If you’ve ever wondered how to make beer can chicken, our secret ingredients will give you a crisp, golden, and quite delicious chicken every time!
Happy Father’s Day!
How are you celebrating the fathers and father figures in your life today?
I’m glad that we got to spend a weekend with my Dad not to long ago. He came up north for the weekend to help my brother move apartments, and we got to host the two of them during the move. It was a great visit and the weather was perfect for moving and for grilling!
Tim’s Dad is a master grill-er. It’s not uncommon to see him grilling in the snow before Easter and keeping the coals going all the way through Halloween. Maybe one of these years he’ll even grill a turkey for Thanksgiving!
I am very glad that Tim learned the grilling art from his Dad, because when it comes to outdoor cooking, I am clueless. I’ll get the meat ready, but then everything is in Tim’s hands.
Which means I got to get all up in this chicken’s everything, and find a way to perch it on a can of beer so it wasn’t steaming straight out the poor chicken’s neck. While Tim got to stand over warm coals “checking the chicken” and getting all smoky.
But that’s ok.
The chicken and I had fun. (If you can call it that.) And, the golden glorious-ness that emerged from under the black dome was well worth every chicken-covered minute.
How To Make Beer Can Chicken
Since our grill doesn’t have a particularly high lid, we ended up creating a ring of hot coals and setting the chicken in the middle of them, right on the bottom grate of the grill.
Our 6 lb chicken took 1 1/2 hours to cook, which is what we saw in other recipes for a 4 lb chicken.
This lead us to believe that cooking the chicken surrounded by coals creates a hotter cooking area. If you are using a smaller chicken, be sure to start temping it out at around 1 hour. You are looking for 165 degrees Fahrenheit in the thickest part of the breast and thigh.
I did get Tim a nifty can holder specifically for beer can chicken for Christmas last year, so we didn’t have to worry about the can tipping over. But, our chicken seemed to stand fairly solid, even without the holder, so if you don’t have one, go ahead and give it a try. With the holder, we were able to cock the chicken slightly so that the top of the can rested about halfway up the breast, otherwise the top of the can was right under the neck hole, meaning any beer-y steam would waft right out of the chicken.
Seasoning Your Chicken
Last (but definitely not least), you will see that the instructions call for you to rub the herbs under the chicken’s skin.
Yeah, it may sound gross.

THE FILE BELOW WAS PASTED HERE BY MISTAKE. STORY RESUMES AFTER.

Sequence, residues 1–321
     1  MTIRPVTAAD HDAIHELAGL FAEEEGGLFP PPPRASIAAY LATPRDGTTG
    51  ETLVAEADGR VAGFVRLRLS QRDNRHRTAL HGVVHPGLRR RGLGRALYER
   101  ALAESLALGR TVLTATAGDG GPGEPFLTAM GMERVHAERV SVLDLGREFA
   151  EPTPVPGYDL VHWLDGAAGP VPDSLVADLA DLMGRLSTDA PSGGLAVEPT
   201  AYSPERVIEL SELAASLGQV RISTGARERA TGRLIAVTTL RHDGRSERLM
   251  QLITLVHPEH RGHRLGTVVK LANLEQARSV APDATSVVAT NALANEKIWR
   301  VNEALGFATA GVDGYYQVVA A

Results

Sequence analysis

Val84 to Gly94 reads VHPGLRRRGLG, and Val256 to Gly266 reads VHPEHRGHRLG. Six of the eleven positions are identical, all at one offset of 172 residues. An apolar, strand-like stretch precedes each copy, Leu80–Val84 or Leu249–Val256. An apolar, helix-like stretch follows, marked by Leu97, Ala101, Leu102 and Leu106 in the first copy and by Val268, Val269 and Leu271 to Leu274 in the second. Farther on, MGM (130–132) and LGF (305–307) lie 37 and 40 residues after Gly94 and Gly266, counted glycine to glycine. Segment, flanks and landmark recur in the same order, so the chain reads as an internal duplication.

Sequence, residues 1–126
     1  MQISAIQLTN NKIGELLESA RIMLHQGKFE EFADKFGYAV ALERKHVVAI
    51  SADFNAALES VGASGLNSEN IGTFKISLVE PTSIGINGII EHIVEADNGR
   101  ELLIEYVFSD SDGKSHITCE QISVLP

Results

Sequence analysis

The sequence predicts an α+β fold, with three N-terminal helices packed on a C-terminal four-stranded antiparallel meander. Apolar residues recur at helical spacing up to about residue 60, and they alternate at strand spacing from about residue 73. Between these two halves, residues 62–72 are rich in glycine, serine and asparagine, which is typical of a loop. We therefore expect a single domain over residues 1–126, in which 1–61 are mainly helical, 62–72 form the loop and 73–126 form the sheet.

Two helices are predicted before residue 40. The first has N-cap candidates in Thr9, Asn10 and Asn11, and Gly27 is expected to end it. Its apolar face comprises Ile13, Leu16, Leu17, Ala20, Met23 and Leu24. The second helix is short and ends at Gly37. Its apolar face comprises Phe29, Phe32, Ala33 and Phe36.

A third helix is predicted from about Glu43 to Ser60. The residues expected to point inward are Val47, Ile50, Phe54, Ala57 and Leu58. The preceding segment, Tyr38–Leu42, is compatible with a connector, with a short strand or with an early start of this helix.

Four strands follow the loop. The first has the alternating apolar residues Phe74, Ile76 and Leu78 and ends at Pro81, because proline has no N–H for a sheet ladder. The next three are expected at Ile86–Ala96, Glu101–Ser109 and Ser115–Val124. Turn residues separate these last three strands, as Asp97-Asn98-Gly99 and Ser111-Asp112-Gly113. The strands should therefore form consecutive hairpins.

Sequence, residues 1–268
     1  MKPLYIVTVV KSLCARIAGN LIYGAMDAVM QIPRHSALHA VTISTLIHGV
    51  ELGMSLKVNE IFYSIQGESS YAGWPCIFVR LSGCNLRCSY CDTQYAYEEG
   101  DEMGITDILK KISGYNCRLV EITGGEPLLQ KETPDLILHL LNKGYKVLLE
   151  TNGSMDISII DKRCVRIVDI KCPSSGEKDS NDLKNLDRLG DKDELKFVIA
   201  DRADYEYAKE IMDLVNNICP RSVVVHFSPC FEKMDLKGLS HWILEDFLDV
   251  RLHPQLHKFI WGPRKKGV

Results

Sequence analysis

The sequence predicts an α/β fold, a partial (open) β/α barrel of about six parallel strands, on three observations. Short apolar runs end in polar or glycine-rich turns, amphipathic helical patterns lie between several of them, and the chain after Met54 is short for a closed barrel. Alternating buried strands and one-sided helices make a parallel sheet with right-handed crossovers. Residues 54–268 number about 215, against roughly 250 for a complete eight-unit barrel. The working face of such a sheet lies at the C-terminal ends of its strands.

Ok. It is a bit.
And maybe impossible.
Actually, not at all.
But, what it does to season the meat is INCREDIBLE.
If you’d like detailed instructions on how to do this (and why we never cook a bird without doing this) check our our Turkey Roasting Guide.
Just look at how that bird transformed in an hour, and turned even more golden delicious during the final cooking time!
Making Beer Can Chicken
- 1 (6 lb) whole chicken, giblets and neck removed
- 1 (12 oz) can beer (any cheap beer will do)
- 1 Tbsp salt
- 1 Tbsp onion powder
- 1 Tbsp thyme
- 1 Tbsp rosemary
- 1 Tbsp marjoram or oregano
- 1 tsp garlic powder
- Preheat the grill.
- While the grill is warming up, mix together the rub spices. Then, carefully separate the skin from the chicken, starting at the base of the breast (as described in This Post). Season the inside cavity and under the skin of the chicken with the rub.
- Take a large swig out of the beer, to give the liquid a bit of room to breathe. Then set the chicken on the can (using a beer can chicken holder, if you have one). Make sure the chicken will stand by itself on your counter, before attempting to stand it on the hot grill grates.
- Once the coals are hot, create a ring with the ashy coals on the bottom grate of your grill. Carefully place the chicken on the hot grate. Tilt the chicken so that the top of the beer can comes about halfway up the cavity.
- Cover the grill and cook over medium-high, indirect heat for 1 hour, undisturbed.
After an hour, check the chicken and test the temperature at the thickest part of the thigh. It should read 165F and the juices should run clear when the chicken is done. If you haven’t reached temperature yet, return the lid to the grill, and continue cooking for another half hour.
Once the chicken has reached 165F, remove the chicken and the can from the grill (using oven mitts). Set aside to let the juices settle for 10 minutes before carving. (This is the perfect time to grill up some veggies to complete your meal!)